Chelsea FC threatened by sanctions against Russian oligarch Abramovich


Chelsea’s home stadium Stamford Bridge is seen through trees in London on March 10, 2022, as Chelsea’s Russian owner Roman Abramovich was hit with a UK asset freeze and ban to travel, throwing his plan to sell the European and club world champions into disarray.

Justin Tallis | AFP | Getty Images

Chelsea FC, one of the UK’s most popular football clubs, faces an uncertain future after its owner, Russian oligarch Roman Abramovich, was hit with sanctions over his links to President Vladimir Putin .

The club’s proposed sale of £3 billion ($3.9 billion), player transfers and merchandise sales have all been halted under sanctions imposed by UK authorities. Major sponsors have also distanced themselves from the club whose name has been smeared by its owner’s ties to the war in Ukraine.

The UK said on Thursday that Abramovich had a “close relationship” with the Russian president and had received “preferential treatment and concessions” from the Kremlin over the years.

He, alongside six other oligarchs named Thursday, had his assets frozen and his travel restricted.

Chelsea caught off guard

The crackdown on Abramovich was widely expected from a government facing mounting pressure to harden its stance on Putin’s inner circle.

Indeed, the 55-year-old billionaire appeared to be anticipating the decision, embarking on a cut-sale of his UK assets, including the club and a string of luxury properties, last week.

Chelsea owner Roman Abramovich waves to the fans after the UEFA Champions League Final between Manchester City and Chelsea FC at Estadio do Dragao on May 29, 2021 in Porto, Portugal.

Alex Livesey – Danehouse | Getty Images Sports | Getty Images

However, the London-based club, which celebrated its 117th birthday on Thursday, appeared to be largely caught off guard.

Following the announcement, manager Thomas Tuchel said Chelsea FC’s future was uncertain, indicating he would stay put pending further clarity.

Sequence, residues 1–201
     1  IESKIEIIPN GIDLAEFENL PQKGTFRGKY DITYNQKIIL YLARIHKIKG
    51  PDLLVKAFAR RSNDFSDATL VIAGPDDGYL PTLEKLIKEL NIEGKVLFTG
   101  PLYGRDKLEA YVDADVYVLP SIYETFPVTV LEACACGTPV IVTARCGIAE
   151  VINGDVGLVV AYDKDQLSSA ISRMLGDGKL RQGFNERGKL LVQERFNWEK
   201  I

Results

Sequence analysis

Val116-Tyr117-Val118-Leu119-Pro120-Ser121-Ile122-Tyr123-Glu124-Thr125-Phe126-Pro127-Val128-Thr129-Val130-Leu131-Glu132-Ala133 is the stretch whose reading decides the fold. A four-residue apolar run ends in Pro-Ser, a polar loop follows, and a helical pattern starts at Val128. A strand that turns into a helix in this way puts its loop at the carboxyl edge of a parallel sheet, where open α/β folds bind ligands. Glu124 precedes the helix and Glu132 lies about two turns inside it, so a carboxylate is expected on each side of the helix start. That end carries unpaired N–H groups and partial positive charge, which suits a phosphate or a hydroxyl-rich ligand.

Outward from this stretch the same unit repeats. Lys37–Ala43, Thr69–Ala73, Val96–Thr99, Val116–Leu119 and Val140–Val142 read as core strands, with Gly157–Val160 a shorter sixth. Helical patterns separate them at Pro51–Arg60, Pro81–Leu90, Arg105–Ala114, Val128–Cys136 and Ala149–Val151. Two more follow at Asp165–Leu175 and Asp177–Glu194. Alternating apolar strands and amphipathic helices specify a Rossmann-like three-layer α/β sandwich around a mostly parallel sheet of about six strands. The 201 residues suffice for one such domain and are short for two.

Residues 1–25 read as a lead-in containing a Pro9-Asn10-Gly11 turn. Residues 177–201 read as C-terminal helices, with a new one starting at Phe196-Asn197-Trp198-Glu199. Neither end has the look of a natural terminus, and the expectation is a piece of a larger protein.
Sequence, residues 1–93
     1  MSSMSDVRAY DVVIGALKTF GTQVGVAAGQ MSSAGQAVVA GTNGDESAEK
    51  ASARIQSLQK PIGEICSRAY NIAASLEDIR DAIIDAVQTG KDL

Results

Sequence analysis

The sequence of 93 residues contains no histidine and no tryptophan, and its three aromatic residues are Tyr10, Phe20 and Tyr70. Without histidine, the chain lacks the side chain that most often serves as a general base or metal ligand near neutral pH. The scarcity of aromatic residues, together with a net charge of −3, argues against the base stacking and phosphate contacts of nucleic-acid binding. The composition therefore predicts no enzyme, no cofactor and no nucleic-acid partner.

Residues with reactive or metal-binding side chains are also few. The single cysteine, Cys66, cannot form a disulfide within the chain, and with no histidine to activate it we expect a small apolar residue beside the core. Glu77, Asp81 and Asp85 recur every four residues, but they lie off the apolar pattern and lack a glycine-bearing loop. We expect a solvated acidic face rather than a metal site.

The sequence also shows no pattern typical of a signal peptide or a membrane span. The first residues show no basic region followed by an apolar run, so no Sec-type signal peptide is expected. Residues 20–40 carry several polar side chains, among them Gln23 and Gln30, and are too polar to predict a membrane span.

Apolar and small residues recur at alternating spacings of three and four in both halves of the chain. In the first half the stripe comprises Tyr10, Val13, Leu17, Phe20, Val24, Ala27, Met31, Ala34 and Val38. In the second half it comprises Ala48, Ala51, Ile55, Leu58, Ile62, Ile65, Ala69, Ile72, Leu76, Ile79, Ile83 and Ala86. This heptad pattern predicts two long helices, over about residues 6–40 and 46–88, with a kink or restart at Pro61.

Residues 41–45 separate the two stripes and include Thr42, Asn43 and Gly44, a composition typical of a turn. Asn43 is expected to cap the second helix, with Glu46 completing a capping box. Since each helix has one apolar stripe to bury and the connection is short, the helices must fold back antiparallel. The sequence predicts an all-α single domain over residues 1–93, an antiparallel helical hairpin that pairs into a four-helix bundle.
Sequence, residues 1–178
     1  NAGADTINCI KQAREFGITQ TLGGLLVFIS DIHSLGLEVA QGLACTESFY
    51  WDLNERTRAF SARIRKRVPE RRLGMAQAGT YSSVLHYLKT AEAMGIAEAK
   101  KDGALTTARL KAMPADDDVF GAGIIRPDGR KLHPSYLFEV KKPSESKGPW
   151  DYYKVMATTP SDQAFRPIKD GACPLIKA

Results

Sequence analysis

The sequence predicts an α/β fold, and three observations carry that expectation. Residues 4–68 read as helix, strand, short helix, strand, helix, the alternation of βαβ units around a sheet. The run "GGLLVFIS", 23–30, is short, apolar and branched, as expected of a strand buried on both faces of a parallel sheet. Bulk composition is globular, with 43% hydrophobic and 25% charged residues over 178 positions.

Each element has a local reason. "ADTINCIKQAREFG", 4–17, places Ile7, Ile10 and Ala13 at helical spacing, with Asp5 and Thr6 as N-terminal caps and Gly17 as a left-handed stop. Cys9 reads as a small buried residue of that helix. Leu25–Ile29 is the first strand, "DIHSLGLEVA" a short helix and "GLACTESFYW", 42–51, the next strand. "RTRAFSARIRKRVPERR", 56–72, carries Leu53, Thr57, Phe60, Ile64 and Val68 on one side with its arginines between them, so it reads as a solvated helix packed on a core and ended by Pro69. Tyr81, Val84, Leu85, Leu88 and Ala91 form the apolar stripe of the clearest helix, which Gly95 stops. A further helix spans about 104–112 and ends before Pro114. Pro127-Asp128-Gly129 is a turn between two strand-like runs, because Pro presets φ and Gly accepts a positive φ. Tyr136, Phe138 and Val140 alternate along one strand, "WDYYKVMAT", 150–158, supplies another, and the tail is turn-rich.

“We take it day by day,” he told BBC Radio 5 Live. “I didn’t see that coming yesterday and I don’t know what will happen tomorrow.”

The club did not immediately respond to CNBC’s request for comment.

What this means for the club

Under the sanctions, the sale of Chelsea FC has been suspended and the club is now subject to a special government license which strictly regulates what it can and cannot do.

Currently, the club can continue to play matches – as they did on Thursday night – and incur “reasonable travel expenses” up to a maximum of £20,000. However, only subscribers and those who have already purchased tickets will be allowed to attend.

In the meantime, the club will no longer be allowed to transfer or loan players; broadcast and prize money were also frozen. The official Chelsea club store closed on Thursday and some staff were partially made redundant.

Martyn Hardiman with his son Peter, 2, after buying the club’s last shirt before the store closed following the UK government’s sanction of Roman Abramovich.

Stefan Rousseau – Pa Images | Pa pictures | Getty Images

Regarding club ownership, the government has said it will consider granting further special dispensation to allow a sale to take place – as long as it does not benefit Abramovich.

It is unclear where the proceeds from the sale, which could amount to more than £1billion, would go, although observers suggest they could be donated to the humanitarian crisis in Ukraine.

The alternative – that Abramovich tries to keep the club, likely resulting in a long and costly battle and possible further penalties – seems unlikely given he previously agreed to write off £1.5billion in debt that the club owed him and to donate the proceeds of the sale to the victims of the war in Ukraine.

Partners and sponsors are leaving

The upheaval surrounding the club does not appear to have dampened interest from potential buyers, with reported bidders including British property tycoon Nick Candy.

However, he saw sponsors and business partners distancing themselves from the previously esteemed club.

On Friday, Nike reportedly considered walking away from a 15-year, £900m deal struck with Chelsea in 2016. Such a move could see the Stamford Bridge club miss out on £540m.

UK telecommunications network Three, the club’s main shirt sponsor, confirmed on Thursday that it was suspending its partnership worth an estimated £40million a year.

These moves mark a blow for the club whose income is largely based on broadcasts and commercial agreements.

In the meantime, the sudden shock has raised questions from those who say greater due diligence is needed with foreign owners and sponsors of British Premier League clubs.

“The situation at Chelsea demonstrates, once again, why we need an independent regulator with really tough owner testing,” said MP Tracey Crouch, who chaired a recent fan-led review of the football governance.

Everton last week suspended all sponsorship deals with Uzbek oligarch Alisher Usmanov, another sanctioned Putin ally.


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